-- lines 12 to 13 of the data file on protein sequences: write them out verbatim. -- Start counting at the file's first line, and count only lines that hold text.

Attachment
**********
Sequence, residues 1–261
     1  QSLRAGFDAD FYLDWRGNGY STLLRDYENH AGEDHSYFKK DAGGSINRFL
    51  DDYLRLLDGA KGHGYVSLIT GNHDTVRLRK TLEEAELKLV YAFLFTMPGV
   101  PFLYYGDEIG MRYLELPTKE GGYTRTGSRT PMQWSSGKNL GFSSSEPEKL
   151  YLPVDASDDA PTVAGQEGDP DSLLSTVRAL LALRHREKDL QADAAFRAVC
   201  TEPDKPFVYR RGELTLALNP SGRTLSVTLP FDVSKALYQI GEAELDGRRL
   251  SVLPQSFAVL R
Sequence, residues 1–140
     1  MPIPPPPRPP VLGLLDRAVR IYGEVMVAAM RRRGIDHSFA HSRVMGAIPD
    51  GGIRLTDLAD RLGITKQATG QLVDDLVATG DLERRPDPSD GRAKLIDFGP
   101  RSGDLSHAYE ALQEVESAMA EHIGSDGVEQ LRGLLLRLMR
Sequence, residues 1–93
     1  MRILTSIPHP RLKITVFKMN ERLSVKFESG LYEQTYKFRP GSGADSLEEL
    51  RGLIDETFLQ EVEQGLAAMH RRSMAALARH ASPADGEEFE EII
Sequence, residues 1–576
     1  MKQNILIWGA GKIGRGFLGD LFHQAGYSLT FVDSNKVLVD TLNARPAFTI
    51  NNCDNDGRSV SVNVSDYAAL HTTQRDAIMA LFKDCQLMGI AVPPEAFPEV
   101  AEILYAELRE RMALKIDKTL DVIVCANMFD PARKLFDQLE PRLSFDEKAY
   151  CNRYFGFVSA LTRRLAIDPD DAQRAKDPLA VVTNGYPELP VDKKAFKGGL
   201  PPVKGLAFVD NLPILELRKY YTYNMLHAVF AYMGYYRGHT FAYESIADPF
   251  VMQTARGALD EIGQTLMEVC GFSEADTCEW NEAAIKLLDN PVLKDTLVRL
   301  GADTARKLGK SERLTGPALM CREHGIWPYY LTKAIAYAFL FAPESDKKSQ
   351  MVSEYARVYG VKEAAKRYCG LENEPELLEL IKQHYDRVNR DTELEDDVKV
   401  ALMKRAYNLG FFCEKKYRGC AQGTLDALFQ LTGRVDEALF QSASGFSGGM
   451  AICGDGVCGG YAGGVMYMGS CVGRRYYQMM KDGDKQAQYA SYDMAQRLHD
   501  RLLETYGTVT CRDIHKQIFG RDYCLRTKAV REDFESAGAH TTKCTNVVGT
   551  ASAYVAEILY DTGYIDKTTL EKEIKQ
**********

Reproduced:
Sequence, residues 1–93
     1  MRILTSIPHP RLKITVFKMN ERLSVKFESG LYEQTYKFRP GSGADSLEEL